The Army Junior Reserve Officers Training Corps (JROTC) program ended its 25-year stint at the Patrick County High School on June 30.
It began August 1, 1993, according to Chuck Perry, senior education and training tech for the 4th Brigade JROTC, which oversees the local program.
Perry said the Army was notified the program would be discontinued when they received a memo from the school administration in Patrick County.
Patrick County Schools Superintendent Bill Sroufe said he complied with the Army’s request for a written notice when he sent a memo notifying them the school board decided to discontinue the program.
Perry said the memo stated in part the school board reached the difficult decision to discontinue the program due to declining enrollment in the class as well as the retirement of the senior Army instructor (SAI).
With 879 students enrolled in PCHS, the number of students electing to participate in the JROTC program is less than the amount required by the Army’s protocol.
Perry said the Army has enrollment guidelines that call for 100 cadets or 10 percent of the number of students enrolled in a school to participate, whichever is less.
If enrollment falls below those prescribed guidelines, the school would be notified and placed on probation for the first and second years, Perry said. If enrollment had not increased by the third year, the Army could elect to discontinue the program, he added.
According to enrollment reports from PCHS, 53 seats were requested in the program for the upcoming school year, Sroufe said. That total includes duplicate registrations for students who signed up for the program in both the first and second semesters, he said.
Based on the number of students enrolled, Sroufe said four students would have been assigned to the first block of the first semester JROTC class. The largest class — 10 students – would have been assigned to the fourth block class during the second semester, he said.
With four students in class during first block and only two students in class for second block, “how do you justify that” to a teacher with, for example, 20 students per class, he asked.
Last year, 73 seats were requested for the program, with a total of 55 students actually enrolled and the remainder duplicate registrations for the second semester, Sroufe said.
Perry also explained two instructors are needed for each JROTC program: a senior Army instructor (SAI) and a non commissioned officer (NCO).
The Army requires the senior officer to have earned a bachelor’s degree, and the NCO to have earned an associate’s degree, he said.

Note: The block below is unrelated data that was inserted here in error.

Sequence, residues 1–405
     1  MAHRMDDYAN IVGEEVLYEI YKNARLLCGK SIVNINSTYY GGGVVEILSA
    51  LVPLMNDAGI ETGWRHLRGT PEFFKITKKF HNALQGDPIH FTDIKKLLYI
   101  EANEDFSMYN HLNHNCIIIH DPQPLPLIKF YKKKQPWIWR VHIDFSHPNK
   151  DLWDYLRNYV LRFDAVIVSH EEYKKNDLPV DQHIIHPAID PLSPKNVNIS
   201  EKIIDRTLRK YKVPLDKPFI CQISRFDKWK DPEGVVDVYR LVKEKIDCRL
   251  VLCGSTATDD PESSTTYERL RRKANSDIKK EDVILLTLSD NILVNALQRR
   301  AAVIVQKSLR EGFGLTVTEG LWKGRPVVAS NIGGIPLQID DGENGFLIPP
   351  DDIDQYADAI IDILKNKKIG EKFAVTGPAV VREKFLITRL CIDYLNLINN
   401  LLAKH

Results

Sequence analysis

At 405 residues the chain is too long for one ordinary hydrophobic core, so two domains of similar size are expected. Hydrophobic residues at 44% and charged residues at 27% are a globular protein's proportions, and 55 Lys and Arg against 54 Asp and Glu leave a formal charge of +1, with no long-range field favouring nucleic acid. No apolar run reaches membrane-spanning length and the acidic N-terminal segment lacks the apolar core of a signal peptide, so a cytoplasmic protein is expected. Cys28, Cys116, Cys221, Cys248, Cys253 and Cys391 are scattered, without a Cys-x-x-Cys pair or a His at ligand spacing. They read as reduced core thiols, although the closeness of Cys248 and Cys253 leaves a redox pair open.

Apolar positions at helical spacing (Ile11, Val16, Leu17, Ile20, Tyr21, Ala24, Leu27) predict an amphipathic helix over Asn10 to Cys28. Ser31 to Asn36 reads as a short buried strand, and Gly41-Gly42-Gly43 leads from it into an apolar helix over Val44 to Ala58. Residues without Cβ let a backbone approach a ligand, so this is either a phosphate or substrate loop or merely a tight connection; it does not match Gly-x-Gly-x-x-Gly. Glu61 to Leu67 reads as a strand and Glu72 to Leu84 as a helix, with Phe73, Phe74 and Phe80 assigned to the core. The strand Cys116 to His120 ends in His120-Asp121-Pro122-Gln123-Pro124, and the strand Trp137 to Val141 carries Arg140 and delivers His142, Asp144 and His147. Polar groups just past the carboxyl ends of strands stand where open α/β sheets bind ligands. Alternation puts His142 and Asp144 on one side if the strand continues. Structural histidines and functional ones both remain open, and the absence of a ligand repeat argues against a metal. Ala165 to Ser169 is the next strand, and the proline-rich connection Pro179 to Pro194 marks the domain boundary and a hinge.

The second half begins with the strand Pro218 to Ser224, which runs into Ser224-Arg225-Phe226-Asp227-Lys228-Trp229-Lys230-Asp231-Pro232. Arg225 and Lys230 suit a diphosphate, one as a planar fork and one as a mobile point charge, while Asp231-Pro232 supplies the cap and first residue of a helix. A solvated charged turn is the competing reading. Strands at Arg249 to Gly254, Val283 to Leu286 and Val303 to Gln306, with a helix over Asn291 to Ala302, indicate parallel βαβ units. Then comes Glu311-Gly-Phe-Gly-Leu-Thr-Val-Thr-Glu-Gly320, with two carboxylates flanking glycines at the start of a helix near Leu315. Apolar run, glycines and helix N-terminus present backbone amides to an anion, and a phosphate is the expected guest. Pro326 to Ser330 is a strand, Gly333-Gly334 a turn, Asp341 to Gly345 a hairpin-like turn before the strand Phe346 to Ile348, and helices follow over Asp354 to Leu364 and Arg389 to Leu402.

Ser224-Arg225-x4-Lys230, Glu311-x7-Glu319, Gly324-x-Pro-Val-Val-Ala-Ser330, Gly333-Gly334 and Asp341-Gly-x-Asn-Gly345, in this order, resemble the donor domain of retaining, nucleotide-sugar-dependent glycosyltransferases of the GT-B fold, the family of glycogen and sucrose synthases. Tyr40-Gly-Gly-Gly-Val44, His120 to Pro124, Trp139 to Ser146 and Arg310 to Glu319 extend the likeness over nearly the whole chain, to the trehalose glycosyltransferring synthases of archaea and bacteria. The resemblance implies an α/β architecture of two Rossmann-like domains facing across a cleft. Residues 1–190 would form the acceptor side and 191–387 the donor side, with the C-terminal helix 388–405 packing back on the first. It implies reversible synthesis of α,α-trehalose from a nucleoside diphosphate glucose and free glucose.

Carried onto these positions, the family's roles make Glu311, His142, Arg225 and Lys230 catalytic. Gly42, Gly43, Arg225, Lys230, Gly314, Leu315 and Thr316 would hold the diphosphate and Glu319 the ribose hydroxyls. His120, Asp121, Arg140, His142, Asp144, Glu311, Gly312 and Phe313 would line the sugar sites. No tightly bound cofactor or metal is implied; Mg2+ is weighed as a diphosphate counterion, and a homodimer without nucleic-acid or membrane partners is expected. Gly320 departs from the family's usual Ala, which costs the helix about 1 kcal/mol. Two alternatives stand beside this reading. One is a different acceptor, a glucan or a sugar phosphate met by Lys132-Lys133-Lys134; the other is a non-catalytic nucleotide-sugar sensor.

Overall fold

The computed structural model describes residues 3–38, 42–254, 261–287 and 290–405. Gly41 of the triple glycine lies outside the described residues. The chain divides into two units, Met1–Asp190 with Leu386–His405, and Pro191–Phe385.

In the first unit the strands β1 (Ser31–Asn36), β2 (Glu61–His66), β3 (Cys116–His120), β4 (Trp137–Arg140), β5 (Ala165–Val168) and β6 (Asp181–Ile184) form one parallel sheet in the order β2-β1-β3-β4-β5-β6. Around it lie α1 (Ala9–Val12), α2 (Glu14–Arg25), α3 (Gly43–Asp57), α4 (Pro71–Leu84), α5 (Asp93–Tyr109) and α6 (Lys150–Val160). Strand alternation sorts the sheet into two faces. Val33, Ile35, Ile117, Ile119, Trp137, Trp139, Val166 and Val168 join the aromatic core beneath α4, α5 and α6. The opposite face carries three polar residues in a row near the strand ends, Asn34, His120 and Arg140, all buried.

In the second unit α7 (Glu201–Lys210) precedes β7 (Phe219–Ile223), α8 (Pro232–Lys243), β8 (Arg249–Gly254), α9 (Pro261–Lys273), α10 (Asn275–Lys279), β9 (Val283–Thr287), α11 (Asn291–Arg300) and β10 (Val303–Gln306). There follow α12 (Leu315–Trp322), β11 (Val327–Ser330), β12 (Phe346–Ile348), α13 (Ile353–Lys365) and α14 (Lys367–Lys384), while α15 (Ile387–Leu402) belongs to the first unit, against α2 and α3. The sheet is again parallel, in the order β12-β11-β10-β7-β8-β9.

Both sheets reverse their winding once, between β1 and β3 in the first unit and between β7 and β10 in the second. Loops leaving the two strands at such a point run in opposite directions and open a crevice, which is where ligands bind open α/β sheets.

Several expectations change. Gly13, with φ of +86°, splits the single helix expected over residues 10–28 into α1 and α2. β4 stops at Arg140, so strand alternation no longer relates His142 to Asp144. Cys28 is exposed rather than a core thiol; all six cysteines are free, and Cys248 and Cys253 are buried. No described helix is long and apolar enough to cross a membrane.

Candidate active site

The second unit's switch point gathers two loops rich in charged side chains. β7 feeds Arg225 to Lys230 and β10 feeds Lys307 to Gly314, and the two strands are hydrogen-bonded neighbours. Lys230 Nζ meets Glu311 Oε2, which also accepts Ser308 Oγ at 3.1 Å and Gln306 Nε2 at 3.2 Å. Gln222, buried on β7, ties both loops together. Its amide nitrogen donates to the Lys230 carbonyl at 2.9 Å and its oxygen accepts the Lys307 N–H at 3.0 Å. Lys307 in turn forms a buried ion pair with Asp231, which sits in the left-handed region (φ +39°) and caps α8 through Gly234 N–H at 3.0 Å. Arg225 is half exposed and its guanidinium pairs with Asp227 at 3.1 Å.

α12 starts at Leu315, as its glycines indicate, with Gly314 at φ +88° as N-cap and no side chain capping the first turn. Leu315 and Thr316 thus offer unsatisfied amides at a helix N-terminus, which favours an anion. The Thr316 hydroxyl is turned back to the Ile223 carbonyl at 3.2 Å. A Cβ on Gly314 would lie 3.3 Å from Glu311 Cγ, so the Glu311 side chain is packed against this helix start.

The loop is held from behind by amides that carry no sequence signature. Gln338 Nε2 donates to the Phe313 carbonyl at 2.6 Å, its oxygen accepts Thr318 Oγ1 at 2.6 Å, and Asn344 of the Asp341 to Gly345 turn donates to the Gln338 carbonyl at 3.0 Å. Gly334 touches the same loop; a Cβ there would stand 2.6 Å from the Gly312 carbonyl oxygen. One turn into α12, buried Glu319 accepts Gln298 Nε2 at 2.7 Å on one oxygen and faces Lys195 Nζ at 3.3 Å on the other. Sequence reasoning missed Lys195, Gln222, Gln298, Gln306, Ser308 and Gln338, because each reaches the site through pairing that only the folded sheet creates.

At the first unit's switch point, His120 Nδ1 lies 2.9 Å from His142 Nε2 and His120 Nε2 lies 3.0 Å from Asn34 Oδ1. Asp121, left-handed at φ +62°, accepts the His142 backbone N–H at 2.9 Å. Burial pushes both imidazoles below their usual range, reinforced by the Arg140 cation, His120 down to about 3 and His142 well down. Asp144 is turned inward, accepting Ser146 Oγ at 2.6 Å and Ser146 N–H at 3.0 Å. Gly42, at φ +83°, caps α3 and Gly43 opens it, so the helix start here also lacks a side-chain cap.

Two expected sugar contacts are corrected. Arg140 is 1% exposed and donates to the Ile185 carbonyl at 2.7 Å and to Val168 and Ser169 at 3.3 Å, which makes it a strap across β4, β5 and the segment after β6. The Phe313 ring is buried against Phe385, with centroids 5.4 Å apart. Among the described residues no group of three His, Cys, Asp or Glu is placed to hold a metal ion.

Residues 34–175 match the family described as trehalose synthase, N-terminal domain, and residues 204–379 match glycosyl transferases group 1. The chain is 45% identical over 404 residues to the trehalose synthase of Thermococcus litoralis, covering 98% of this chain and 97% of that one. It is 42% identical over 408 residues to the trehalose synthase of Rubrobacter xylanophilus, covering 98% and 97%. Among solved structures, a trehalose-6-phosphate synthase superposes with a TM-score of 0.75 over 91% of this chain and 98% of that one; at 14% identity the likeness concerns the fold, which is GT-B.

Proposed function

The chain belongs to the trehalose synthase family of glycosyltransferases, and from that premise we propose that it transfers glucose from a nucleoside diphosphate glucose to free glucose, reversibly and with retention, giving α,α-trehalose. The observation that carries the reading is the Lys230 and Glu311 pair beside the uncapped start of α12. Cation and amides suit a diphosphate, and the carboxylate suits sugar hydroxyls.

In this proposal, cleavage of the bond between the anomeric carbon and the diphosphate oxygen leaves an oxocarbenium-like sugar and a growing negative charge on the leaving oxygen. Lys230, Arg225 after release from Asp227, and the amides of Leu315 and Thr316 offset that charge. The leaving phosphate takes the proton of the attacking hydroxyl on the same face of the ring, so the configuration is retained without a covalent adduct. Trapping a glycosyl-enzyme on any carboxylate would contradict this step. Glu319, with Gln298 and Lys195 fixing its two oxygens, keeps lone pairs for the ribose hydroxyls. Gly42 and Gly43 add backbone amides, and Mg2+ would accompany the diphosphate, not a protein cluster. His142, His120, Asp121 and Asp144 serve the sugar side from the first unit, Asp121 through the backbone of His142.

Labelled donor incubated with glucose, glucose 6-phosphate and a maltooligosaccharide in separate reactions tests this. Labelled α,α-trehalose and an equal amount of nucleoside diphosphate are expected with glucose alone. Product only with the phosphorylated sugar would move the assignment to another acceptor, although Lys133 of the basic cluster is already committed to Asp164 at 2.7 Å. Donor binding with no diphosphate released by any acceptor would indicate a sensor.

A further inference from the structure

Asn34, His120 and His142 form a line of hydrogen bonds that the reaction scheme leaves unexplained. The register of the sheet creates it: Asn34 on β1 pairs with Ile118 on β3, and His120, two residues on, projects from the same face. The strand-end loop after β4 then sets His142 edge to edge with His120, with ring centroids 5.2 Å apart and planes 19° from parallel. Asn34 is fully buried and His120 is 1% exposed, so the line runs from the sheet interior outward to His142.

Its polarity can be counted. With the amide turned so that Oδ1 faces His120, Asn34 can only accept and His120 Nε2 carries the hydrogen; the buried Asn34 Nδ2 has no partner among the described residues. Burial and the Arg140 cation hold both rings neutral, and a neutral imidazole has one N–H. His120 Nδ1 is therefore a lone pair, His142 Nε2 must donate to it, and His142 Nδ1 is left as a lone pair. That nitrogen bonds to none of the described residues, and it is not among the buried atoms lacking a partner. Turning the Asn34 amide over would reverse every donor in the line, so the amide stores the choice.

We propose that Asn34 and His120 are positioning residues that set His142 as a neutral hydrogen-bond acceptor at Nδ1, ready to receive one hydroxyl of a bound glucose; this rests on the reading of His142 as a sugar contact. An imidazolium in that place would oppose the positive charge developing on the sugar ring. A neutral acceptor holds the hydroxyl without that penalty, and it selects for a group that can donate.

“We train and certify them,” but the Army does not grant teaching credentials, Perry said. He noted the Army also does not require instructors to have a teaching credential, but some states do require credentials even though the class is an elective.
Virginia is among those states that require a teaching credential, officials have said.
Perry said hiring those instructors is left to the discretion of each participating school division.
Brandon Simmons, vice chairman of the Patrick County School Board, said that is true. However, the Army provides the local division with a list of potential instructor candidates.
The potential employee provided for the upcoming school year accepted a position in another locality, Simmons said.
Sroufe said school officials also “looked at how many students actually entered the military” after participating in the JROTC program. “Since 2013, we’ve only had 15 (JROTC participants) to enter” the military, he said. “We took all those factors into account.”
A few weeks before the end of the current school year, PCHS officials told students the program would be discontinued, Sroufe said. “Not one student came in upset, and no parents have contacted” officials at the high school, he said he was told.
A Facebook page titled “Patrick County High School JROTC,” was created by JROTC staff on Aug. 29, 2017 to help communicate with cadets, according to information on the page.
As of Thursday afternoon, there were two other posts – one dated Aug. 31, 2017 and the final one dated Sept. 5, 2017. The page received had 20 likes, has 24 followers and was reviewed one time.
Although interest seems to be waning, local school officials have said they are looking into the possibility of continuing some form of the program, perhaps as an after school offering.
Perry said there is no way to continue the federal JROTC program on a part-time basis. However, there are other similar programs that may fit the bill, including a state militia program.
Now that Patrick’s program has ended, Army officials will consult a waiting list of 300 schools to determine which division will get a new JROTC program, Perry said.
“JROTC is nothing more than a citizenship program,” Perry said, and explained the program’s goal is to help youngsters become better youth. “Everything we do is based on problem solving, team work” and a host of other real world experiences, he said.